Title: The Awakening of Minna Gray
Word count: 89,000
Genre: YA Futuristic Fantasy
Sixteen-year-old Minna Gray’s life in SilCorp’s Emerald District is shattered when the two boys she’s babysitting are kidnapped. Guilt turns to panic when she discovers no one is looking for the boys. No one even remembers them.
It’s as if they’ve been erased.
A mysterious letter from her deceased grandmother leads her to Corrin - a boy who knows about the disappearances. They aren’t isolated events: every day more people are erased. Corrin claims Minna has a magical ancestry - that her visions, her tree-speech, and her hidden power over the elements could put an end to the ghants – the gray men who perform the kidnappings. Only Minna’s not sure how.
Corrin says there are those who understand her heritage in the Outlands – the pest-infected waste beyond the city walls. Going there could be the only way to hone her powers, but no one survives the Outlands, and Minna’s not sure she’s ready to trade life in Emerald for a slow suicide. She’s not even sure she can trust Corrin.
But soon she’ll have to decide. Time’s running out. Minna knows too much, and she’s next on the list to be erased.
First 250 words:
She’d seen one once before - years ago, with Cameron, by the seaside. Its little round body flitted between palm fronds like a tiny jeweled fairy. They were supposed to turn it in. But they hadn’t. They’d watched it all afternoon, until finally it leapt into the sky and flew away, back over the Outer Wall. Their secret.
This one seemed even more out of place, amidst the asphalt and the early evening glow of the podcar lines. For a second, she thought she was imagining it. But then Ethan saw it too.
“What is it?” he asked, gaze transfixed on the emerald blot making its way across the dull bronze shine of the hood.
His brown eyes widened. “A real one?”
Minna nodded. “Don’t touch it.” But she was mesmerized too.
He frowned, waving his PestDetector wand over it. “It doesn’t beep.”
“Maybe it’s not infected.” Yet.
They watched its twiggy, spindle-legged progression from latch to windshield. “I don’t want anyone to kill it,” Ethan whispered as he backed away.
Technically it was a vector. Technically they were supposed to destroy it. But it was so small and round and innocent. Suddenly, it lifted off. Humming, it vanished into the protective green and white flurry of the nearby jasmine. Minna exhaled.
“Probably escaped from a DomeZoo.” Ethan said, glancing at her with a shaky laugh.
“Probably, but you still need to disinfect.” Minna puffed her emergency spray into the air, enveloping them in shivering white mist. Silently they counted out the seconds ... eight, nine, ten. Safe.
Entry Nickname: Misfit Apocalypse
Title: The Last Road Home
Word count: 60,000
Genre: YA Science Fiction
Josh is sixteen, haunted, labeled as autistic. Home schooled all his life, he has emerged a little from his shell thanks to the teacher who has restarted the tiny school in his rural Kentucky town. During the school’s graduation ceremony, the world goes dark; when the light returns the fields beyond the school have turned to forest.
Maria is fifteen, an orphan who has grown up in boarding schools. She is flying back to her school with two nuns and two younger girls when the world outside the plane goes dark. When the light returns, all signs of civilization are gone, and the plane is forced to land in the Ohio River. Continued distress calls find only one response, from the small Kentucky town where only the school remains.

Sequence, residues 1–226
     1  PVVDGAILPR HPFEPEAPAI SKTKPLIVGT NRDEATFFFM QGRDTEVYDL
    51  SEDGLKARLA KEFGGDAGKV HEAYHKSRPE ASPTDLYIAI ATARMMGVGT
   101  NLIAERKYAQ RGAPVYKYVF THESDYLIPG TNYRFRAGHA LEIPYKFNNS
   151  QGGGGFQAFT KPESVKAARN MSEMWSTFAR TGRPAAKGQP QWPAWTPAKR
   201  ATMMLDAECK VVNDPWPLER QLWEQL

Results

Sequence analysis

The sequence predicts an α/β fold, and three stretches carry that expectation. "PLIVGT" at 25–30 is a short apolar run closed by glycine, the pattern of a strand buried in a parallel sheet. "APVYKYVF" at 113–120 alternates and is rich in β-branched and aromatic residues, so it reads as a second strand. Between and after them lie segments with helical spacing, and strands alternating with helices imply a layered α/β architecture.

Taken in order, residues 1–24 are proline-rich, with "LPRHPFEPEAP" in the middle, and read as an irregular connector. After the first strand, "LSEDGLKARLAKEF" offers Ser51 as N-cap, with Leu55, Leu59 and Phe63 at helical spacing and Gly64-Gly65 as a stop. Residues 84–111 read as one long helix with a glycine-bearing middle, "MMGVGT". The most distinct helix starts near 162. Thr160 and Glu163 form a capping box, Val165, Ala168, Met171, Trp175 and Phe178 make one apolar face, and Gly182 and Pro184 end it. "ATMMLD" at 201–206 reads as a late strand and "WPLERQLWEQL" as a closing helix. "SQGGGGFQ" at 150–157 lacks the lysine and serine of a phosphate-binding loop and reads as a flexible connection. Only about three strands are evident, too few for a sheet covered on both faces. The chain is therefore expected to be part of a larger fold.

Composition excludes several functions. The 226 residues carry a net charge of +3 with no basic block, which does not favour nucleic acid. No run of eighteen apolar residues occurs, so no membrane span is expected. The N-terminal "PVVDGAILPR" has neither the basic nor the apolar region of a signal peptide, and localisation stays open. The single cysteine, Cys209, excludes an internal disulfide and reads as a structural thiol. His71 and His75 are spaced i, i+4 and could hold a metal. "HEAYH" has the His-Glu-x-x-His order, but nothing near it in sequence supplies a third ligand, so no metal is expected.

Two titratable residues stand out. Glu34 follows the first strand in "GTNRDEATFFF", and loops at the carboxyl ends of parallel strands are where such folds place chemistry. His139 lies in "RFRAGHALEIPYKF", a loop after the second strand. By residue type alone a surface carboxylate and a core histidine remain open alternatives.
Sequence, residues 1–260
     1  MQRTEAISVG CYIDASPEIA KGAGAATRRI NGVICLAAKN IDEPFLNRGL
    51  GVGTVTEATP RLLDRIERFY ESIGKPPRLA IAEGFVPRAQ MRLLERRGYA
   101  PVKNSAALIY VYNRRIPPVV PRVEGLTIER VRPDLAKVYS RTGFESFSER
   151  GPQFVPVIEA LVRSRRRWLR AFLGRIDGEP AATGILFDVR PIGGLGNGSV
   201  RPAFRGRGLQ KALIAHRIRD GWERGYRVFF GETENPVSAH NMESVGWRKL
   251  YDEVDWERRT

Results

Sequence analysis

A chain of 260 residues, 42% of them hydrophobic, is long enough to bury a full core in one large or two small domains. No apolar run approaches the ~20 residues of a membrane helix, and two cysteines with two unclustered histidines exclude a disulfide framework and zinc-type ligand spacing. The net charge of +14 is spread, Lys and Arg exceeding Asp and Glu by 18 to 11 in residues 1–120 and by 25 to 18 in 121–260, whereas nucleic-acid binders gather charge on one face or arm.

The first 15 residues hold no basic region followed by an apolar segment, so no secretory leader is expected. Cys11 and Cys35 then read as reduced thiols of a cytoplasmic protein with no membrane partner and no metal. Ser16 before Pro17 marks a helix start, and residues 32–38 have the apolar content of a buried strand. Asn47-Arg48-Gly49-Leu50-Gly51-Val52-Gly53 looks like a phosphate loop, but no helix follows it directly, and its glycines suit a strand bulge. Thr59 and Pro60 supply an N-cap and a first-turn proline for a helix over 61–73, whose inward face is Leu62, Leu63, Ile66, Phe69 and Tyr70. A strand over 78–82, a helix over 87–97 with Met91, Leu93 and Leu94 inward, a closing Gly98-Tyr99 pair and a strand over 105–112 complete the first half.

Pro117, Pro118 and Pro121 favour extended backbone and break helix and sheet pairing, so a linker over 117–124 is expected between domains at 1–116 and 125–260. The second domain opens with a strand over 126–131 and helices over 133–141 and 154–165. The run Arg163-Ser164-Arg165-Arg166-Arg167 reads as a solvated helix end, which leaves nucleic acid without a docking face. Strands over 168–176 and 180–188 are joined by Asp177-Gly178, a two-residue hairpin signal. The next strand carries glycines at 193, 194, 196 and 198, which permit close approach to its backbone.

Now Josh must try a dangerous rescue mission across a world where humanity died out in the 1940’s, while Maria must keep her small group of survivors alive despite injuries both physical and emotional. Neither has ever been a leader, but the end of the world might just be the best thing that ever happened to them…if they can survive long enough to find each other.
Facing wild dogs, a flooded river, hunger and more, the two groups will learn about the best and worst of the human spirit. Along the way they will find glimmers of answers, not just to the events that brought them together, but also to themselves.
First 250 words:
You don’t belong here. You shouldn't exist.
The rain was falling heavily, streaking down the car windows. Josh stared at his reflection in the glass, caramel skin and frowning brown eyes. His short cropped hair had improbably lightened to blond from the summer sun. Beyond his reflection he could just make out the tobacco fields, dark green with a fuzz of white flowers at the top.
You don’t belong here. You shouldn't exist. Josh ignored the voices almost as easily as he ignored his father, who had given up attempts at conversation to concentrate on driving. The dirt road was filled with potholes left over from the spring rains, and the current storm was only adding to them.
The voices had been there long before he understood speech. It had been years before he understood that they were for him alone, that no one else heard them. He didn't think they’d actually been using words back then…but it didn't matter. The message had always been the same.
The Subaru hit a pothole hard, shaking the car, and Josh’s father stretched out a hand in front of him, as though his seat belt wasn't already better protection. The silence stretched for a moment, then his Dad tried again.
“Josh, I’m very proud of the work you've done in Ms. Moore’s school. I’m glad that you've--” There was a pause, and Josh filled it in mentally—actually done something, anything, with other human beings—then his father went on. “That you've found something you enjoy. Teaching is a wonderful vocation.”